We find that the largest US corporations tend to be slightly behind in terms of disclosing key indicators compared to their international peers. However, among all assessed regions, not even a quarter of the firms disclose the indicators reviewed in this assessment. This demonstrates the significant room for progress and shows that increasing firms’ capacity to assess and disclose climate risks in an informative manner remains a global challenge, aligning with findings in the TCFD's 2020 Status report released last month.
Emilie Mazzacurati Appointed Global Head of Moody's Climate Solutions
Moody's announced last week that Four Twenty Seven Founder and CEO, Emilie Mazzacurati will oversee the climate solutions suite within Moody’s ESG Solutions Group, a new business unit formed earlier this year to serve the growing global demand for ESG and climate analytics. As part of its climate solutions suite, Moody’s ESG Solutions provides risk measurement and evaluation tools to understand, quantify and manage physical and transition risks, informing due diligence and risk disclosure in line with the recommendations from the Taskforce on Climate-related Financial Disclosures (TCFD).
Emilie also remains CEO of Four Twenty Seven, which is now fully owned by Moody's.
Moody's Analytics Wins Climate Risk Award at Chartis RiskTech100®
Moody’s Analytics' offering helps customers first identify whether they have exposure to climate risk in their portfolios and then quantify the credit risk implication of climate risk factors. These solutions incorporate climate risk analytics from Moody's ESG Solutions powered by Four Twenty Seven and V.E.
Moody’s: Climate Risk and Resilience at US Airports
Climate change will expose the airport sector to increased physical climate risks within the next two decades. In its report, US airports face growing climate risks, but business model and resiliency investments mitigate impact, Moody’s Investors Service leverages Four Twenty Seven’s physical climate risk data to explore potential damages from increased exposure of US airports to floods, heat stress, hurricanes, sea level rise and wildfires. The report finds significant exposure to floods and sea level rise, which can damage crucial structures, leading to significant costs or rendering the assets unusable. Hazards such as heat stress and wildfires present risks with implications for take-off and landing. Airports often undertake long-term capital intensive projects and integrating resilience measures into planning these investments will be critical. Register for free to read the report.
Climate Change and Financial Stability
Financial Stability Board Releases Report on Climate Risk
Yesterday the Financial Stability Board (FSB) released its report, The Implications of Climate Change for Financial Stability,outlining the ways in which physical and transition risks may affect the financial system. It highlights how physical risks can decrease asset prices, increasing uncertainty and how a disorderly transition could also destabilize the financial system, while an orderly transition is expected to have a less significant impact on asset prices. Likewise, the report emphasizes that climate risk could amplify credit, liquidity and counterparty risks and interact with other macroeconomic risks, with significant implications for financial stability.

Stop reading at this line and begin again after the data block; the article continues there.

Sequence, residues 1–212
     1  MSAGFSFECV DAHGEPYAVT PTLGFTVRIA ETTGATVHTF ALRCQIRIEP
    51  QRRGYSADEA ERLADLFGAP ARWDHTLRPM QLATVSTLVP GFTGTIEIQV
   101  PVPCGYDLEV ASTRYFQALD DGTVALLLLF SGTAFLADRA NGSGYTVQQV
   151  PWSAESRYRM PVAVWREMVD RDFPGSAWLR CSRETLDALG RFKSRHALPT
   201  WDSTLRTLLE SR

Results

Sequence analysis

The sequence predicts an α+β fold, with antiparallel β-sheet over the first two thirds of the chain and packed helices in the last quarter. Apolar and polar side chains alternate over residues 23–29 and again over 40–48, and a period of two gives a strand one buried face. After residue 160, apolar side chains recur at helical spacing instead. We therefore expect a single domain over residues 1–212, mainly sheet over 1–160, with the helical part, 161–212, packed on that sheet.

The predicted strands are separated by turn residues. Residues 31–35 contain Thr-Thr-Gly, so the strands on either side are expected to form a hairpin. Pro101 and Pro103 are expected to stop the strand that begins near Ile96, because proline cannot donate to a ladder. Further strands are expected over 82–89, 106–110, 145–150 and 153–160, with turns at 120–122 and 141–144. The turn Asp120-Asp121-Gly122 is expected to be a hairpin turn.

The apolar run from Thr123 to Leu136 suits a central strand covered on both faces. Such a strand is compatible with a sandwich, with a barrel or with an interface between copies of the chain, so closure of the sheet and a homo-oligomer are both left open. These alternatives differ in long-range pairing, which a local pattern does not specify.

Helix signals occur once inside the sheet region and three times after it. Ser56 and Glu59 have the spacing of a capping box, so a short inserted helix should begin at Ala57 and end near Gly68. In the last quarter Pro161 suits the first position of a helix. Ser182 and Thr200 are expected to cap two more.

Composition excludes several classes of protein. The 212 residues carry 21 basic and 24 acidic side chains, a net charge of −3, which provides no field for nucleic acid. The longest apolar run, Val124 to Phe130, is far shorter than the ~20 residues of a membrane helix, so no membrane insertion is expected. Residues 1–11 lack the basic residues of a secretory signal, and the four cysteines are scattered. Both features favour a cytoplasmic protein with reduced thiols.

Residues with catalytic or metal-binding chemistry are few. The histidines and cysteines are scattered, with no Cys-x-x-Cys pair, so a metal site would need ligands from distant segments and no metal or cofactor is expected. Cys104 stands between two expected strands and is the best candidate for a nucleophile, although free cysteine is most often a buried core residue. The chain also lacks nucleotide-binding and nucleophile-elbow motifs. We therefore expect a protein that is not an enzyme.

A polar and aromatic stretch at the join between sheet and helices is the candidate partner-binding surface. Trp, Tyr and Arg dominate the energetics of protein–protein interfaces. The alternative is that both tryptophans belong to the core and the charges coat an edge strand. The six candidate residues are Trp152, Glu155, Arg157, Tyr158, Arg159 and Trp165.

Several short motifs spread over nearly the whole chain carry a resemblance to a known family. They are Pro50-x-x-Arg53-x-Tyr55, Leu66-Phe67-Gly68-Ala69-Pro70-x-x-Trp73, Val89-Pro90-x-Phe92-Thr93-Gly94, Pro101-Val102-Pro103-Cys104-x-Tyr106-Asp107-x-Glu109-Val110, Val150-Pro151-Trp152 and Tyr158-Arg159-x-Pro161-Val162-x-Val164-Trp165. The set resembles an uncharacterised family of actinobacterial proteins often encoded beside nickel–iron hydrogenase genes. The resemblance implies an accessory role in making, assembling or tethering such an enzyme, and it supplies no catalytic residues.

Hong Kong SFC Consultation on Climate Risk Management for Funds
The Hong Kong Securities and Futures Commission (SFC) opened a public consultation on its proposed guidance for fund managers to integrate climate risk into their investment decision-making and to release climate risk disclosures. The guidance applies to all fund managers, while those with at least HK$4 billion under management would have to comply with additional requirements, such as disclosing more quantitative metrics. The recommendations reference the TCFD Recommendations to encourage consistency in risk disclosure. Respond by January 15, 2021.
Climate Analytics for Financial Risk Assessment: Panel Recordings
Moody's Analytics Synergy Americas Conference
Founder & CEO, Emilie Mazzacurati, and Moody’s Analytics Managing Director, Global Head of Quantitative Research, Jing Zhang, discuss the impacts of climate risk on credit risk in the panel, “How Floods, Wildfires, and Heat Stress Can Play a Role in Financial Reporting and CECL.” Register for free to access the recording.
Risk Australia Virtual 2020: Taming the Green Swan
Emilie Mazzacurati presents a keynote presentation titled “Taming the Green Swan: Incorporating Climate Risk into Risk Management.” She covers changes in the regulatory environment and how investors can use science to inform risk management and investment decisions. Emilie discusses progress made on climate risk disclosure to date, explains the latest thinking on conducting scenario analysis for climate risks and provides case studies of the economic impacts of climate risk in Asia and Australia.
Webinar: How Real Estate Can Adapt and Prepare for Climate Risks
Join us on Thursday Dec. 10 at 9am PST / 12pm ET / 5pm GMT
We’re already seeing the impacts of climate change on our real assets—so how do we better prepare for future climate events? Four Twenty Seven will join CBRE, Measurabl and Nova Group GBC to discuss the full process of integrating physical climate risk management into real estate investment. The webinar will include an explanation of the climate data driving the analytics, how to understand physical climate risks alongside broader ESG data and how to leverage this information to mitigate risk by building resilience.
Zachary Brown, Director of Energy and Sustainability at CBRE
Yoon Kim, Managing Director, Global Client Services at Four Twenty Seven
Cameron Ravanbach, Account Manager at Measurabl
Rob Jackson, Vice President, Equity Markets Group at Nova Group, GBC